International Labour Organization. “Global Employment Trends for Youth 2013.” http://www.ilo.org/global/research/global-reports/global-employment-trends/youth/2013/lang--en/index.htm

International Monetary Fund. “World Economic and Financial Surveys: World Economic Outlook—Transitions and Tensions.” Last modified October 2013. http://www.imf.org/external/pubs/ft/weo/2013/02/pdf/text.pdf.

Nobelprize.org. “The Prize in Economics 1987 - Press Release.” Nobel Media AB 2013 . Last modified October 21, 1987. http://www.nobelprize.org/nobel_prizes/economic-sciences/laureates/1987/press.html.

Redvers, Louise. BBC News Business. “Youth unemployment: The big question and South Africa.” Last modified October 31, 2012. http://www.bbc.co.uk/news/business-20125053.

The World Bank. “The Complete World Development Report Online.” http://www.wdronline.worldbank.org/.

The World Bank. “World DataBank.” http://databank.worldbank.org/data/home.aspx.

Todaro, Michael P., and Stephen C Smith. Economic Development (11 th Edition) . Boston, MA: Addison-Wesley: Pearson, 2011, chap. 1–2.

Questions & Answers

What fields keep nano created devices from performing or assimulating ? Magnetic fields ? Are do they assimilate ?
Stoney Reply
why we need to study biomolecules, molecular biology in nanotechnology?
Adin Reply
yes I'm doing my masters in nanotechnology, we are being studying all these domains as well..
what school?
biomolecules are e building blocks of every organics and inorganic materials.
anyone know any internet site where one can find nanotechnology papers?
Damian Reply
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Introduction about quantum dots in nanotechnology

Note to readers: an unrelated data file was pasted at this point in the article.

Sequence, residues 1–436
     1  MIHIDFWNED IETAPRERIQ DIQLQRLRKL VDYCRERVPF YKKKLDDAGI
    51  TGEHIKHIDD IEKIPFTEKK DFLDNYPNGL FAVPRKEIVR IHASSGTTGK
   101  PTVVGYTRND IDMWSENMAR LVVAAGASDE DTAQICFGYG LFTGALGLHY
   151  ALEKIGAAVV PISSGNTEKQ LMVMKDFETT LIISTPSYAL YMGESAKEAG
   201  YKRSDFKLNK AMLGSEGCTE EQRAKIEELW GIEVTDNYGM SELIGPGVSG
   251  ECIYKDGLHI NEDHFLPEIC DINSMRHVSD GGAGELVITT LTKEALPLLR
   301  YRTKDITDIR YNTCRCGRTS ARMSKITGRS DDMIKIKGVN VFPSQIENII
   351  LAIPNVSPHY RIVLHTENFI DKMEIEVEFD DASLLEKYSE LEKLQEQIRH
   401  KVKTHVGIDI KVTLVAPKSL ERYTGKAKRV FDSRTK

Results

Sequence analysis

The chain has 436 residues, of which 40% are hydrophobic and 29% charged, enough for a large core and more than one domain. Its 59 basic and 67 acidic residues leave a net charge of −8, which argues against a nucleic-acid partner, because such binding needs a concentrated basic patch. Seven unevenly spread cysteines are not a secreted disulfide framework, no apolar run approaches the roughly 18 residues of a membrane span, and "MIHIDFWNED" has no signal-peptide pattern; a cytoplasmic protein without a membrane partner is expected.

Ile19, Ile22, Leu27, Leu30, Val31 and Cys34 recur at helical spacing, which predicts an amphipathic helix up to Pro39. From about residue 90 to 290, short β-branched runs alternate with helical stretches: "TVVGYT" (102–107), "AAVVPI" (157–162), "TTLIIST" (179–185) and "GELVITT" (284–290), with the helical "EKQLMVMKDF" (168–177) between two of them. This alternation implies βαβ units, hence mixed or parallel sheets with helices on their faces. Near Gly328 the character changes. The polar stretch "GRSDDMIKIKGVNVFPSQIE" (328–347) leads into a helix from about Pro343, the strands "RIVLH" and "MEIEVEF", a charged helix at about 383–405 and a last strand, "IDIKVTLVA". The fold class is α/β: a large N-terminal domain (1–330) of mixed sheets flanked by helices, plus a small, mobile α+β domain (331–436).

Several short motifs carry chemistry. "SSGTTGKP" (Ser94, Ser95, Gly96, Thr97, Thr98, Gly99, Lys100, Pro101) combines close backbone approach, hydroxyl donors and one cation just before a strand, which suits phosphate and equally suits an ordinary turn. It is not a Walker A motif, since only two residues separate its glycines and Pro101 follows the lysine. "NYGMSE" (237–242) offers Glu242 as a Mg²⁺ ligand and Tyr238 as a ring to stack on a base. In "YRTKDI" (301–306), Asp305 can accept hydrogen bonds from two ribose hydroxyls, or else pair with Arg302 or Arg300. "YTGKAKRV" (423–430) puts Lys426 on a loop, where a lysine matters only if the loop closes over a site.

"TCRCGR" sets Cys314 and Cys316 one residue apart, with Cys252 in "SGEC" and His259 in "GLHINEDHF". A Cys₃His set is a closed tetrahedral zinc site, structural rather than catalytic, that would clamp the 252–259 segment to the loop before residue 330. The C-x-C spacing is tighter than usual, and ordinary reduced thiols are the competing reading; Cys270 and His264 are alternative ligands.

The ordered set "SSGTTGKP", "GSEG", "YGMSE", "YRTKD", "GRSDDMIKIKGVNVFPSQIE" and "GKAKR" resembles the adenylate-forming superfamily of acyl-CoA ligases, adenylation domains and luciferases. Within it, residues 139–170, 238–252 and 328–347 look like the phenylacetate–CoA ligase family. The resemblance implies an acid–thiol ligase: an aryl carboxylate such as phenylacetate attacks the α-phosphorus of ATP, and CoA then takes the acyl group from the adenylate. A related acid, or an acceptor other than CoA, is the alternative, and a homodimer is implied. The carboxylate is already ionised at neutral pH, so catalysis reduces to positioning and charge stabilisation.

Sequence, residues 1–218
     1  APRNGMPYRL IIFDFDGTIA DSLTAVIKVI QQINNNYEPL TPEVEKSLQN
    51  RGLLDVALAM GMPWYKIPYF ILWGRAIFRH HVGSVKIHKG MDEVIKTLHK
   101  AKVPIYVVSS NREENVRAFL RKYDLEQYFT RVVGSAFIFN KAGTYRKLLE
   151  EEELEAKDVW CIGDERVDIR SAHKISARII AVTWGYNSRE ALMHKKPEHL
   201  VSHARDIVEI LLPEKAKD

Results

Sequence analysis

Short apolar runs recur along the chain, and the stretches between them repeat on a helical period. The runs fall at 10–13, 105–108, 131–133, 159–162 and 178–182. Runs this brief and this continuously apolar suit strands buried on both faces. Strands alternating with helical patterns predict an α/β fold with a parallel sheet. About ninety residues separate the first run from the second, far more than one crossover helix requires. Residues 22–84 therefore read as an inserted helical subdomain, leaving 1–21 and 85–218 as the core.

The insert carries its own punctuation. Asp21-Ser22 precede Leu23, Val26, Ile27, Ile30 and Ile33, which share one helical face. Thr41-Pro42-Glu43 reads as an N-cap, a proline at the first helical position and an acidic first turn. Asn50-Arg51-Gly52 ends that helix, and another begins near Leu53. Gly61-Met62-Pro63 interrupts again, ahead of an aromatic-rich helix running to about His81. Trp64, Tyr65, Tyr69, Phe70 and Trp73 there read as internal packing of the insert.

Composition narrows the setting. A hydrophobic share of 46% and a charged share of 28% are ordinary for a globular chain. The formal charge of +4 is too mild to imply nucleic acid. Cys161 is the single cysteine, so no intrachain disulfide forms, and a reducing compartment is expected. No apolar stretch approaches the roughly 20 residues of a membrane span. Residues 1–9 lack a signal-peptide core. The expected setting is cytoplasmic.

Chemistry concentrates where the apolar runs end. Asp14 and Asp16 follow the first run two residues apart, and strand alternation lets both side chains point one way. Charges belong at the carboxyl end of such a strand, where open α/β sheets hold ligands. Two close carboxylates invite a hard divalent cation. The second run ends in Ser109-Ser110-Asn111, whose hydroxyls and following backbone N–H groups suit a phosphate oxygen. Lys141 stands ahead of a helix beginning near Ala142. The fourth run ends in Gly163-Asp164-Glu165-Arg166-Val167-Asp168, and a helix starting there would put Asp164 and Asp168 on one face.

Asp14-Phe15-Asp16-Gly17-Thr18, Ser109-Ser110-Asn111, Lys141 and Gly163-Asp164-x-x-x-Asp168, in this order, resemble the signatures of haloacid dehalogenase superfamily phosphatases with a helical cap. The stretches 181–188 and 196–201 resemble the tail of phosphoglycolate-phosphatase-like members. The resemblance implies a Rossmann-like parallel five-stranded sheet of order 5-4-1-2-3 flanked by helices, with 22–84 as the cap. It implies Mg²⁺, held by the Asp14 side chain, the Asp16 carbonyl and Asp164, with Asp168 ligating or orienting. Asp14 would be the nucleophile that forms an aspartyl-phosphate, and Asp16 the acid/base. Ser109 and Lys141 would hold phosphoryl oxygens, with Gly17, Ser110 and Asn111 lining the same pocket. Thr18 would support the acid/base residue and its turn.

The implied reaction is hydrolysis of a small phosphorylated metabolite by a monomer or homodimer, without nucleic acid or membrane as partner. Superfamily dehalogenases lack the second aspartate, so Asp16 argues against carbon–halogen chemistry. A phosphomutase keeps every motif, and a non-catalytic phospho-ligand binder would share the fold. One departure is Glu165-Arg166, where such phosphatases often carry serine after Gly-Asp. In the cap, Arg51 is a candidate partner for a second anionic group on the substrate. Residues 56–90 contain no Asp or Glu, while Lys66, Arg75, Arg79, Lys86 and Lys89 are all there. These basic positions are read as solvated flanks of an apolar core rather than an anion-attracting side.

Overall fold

Praveena Reply
what does nano mean?
Anassong Reply
nano basically means 10^(-9). nanometer is a unit to measure length.
do you think it's worthwhile in the long term to study the effects and possibilities of nanotechnology on viral treatment?
Damian Reply
absolutely yes
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Akash Reply
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characteristics of micro business
for teaching engĺish at school how nano technology help us
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s. Reply
there is no specific books for beginners but there is book called principle of nanotechnology
what is fullerene does it is used to make bukky balls
Devang Reply
are you nano engineer ?
fullerene is a bucky ball aka Carbon 60 molecule. It was name by the architect Fuller. He design the geodesic dome. it resembles a soccer ball.
what is the actual application of fullerenes nowadays?
That is a great question Damian. best way to answer that question is to Google it. there are hundreds of applications for buck minister fullerenes, from medical to aerospace. you can also find plenty of research papers that will give you great detail on the potential applications of fullerenes.
what is the Synthesis, properties,and applications of carbon nano chemistry
Abhijith Reply
Mostly, they use nano carbon for electronics and for materials to be strengthened.
is Bucky paper clear?
carbon nanotubes has various application in fuel cells membrane, current research on cancer drug,and in electronics MEMS and NEMS etc
so some one know about replacing silicon atom with phosphorous in semiconductors device?
s. Reply
Yeah, it is a pain to say the least. You basically have to heat the substarte up to around 1000 degrees celcius then pass phosphene gas over top of it, which is explosive and toxic by the way, under very low pressure.
Do you know which machine is used to that process?
how to fabricate graphene ink ?
for screen printed electrodes ?
What is lattice structure?
s. Reply
of graphene you mean?
or in general
in general
Graphene has a hexagonal structure
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what is biological synthesis of nanoparticles